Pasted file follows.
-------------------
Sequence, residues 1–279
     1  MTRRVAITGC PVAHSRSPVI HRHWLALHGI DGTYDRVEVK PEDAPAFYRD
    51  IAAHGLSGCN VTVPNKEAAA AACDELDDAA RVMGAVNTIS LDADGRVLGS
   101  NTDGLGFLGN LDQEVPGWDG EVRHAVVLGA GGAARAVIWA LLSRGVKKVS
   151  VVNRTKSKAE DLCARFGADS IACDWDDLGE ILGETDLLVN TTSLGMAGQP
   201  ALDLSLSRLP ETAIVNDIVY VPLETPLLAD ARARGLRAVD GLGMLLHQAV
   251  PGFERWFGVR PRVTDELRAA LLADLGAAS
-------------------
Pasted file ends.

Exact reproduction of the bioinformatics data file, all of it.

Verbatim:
Sequence, residues 1–279
     1  MTRRVAITGC PVAHSRSPVI HRHWLALHGI DGTYDRVEVK PEDAPAFYRD
    51  IAAHGLSGCN VTVPNKEAAA AACDELDDAA RVMGAVNTIS LDADGRVLGS
   101  NTDGLGFLGN LDQEVPGWDG EVRHAVVLGA GGAARAVIWA LLSRGVKKVS
   151  VVNRTKSKAE DLCARFGADS IACDWDDLGE ILGETDLLVN TTSLGMAGQP
   201  ALDLSLSRLP ETAIVNDIVY VPLETPLLAD ARARGLRAVD GLGMLLHQAV
   251  PGFERWFGVR PRVTDELRAA LLADLGAAS